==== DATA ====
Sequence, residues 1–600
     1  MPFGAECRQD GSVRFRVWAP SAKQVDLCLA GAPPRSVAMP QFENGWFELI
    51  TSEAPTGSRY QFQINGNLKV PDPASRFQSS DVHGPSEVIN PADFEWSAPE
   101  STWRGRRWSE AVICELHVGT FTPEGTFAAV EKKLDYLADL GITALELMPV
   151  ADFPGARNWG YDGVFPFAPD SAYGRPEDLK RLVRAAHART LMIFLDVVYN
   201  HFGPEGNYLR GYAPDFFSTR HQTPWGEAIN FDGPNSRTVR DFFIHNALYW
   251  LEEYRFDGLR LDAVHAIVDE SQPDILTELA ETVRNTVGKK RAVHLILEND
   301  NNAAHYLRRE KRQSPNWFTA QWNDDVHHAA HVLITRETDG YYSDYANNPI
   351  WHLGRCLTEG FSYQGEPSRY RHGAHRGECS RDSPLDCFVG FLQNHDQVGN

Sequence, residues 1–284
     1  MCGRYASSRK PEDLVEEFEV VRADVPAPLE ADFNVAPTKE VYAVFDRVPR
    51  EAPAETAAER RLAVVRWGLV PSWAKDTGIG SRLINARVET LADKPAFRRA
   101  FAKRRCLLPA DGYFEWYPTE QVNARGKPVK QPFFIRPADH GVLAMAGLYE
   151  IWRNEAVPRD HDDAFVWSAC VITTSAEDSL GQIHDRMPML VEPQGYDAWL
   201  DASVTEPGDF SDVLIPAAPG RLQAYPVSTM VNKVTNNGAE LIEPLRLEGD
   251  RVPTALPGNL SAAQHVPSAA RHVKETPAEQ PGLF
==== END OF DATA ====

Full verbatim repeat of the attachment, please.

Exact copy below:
Sequence, residues 1–600
     1  MPFGAECRQD GSVRFRVWAP SAKQVDLCLA GAPPRSVAMP QFENGWFELI
    51  TSEAPTGSRY QFQINGNLKV PDPASRFQSS DVHGPSEVIN PADFEWSAPE
   101  STWRGRRWSE AVICELHVGT FTPEGTFAAV EKKLDYLADL GITALELMPV
   151  ADFPGARNWG YDGVFPFAPD SAYGRPEDLK RLVRAAHART LMIFLDVVYN
   201  HFGPEGNYLR GYAPDFFSTR HQTPWGEAIN FDGPNSRTVR DFFIHNALYW
   251  LEEYRFDGLR LDAVHAIVDE SQPDILTELA ETVRNTVGKK RAVHLILEND
   301  NNAAHYLRRE KRQSPNWFTA QWNDDVHHAA HVLITRETDG YYSDYANNPI
   351  WHLGRCLTEG FSYQGEPSRY RHGAHRGECS RDSPLDCFVG FLQNHDQVGN

Sequence, residues 1–284
     1  MCGRYASSRK PEDLVEEFEV VRADVPAPLE ADFNVAPTKE VYAVFDRVPR
    51  EAPAETAAER RLAVVRWGLV PSWAKDTGIG SRLINARVET LADKPAFRRA
   101  FAKRRCLLPA DGYFEWYPTE QVNARGKPVK QPFFIRPADH GVLAMAGLYE
   151  IWRNEAVPRD HDDAFVWSAC VITTSAEDSL GQIHDRMPML VEPQGYDAWL
   201  DASVTEPGDF SDVLIPAAPG RLQAYPVSTM VNKVTNNGAE LIEPLRLEGD
   251  RVPTALPGNL SAAQHVPSAA RHVKETPAEQ PGLF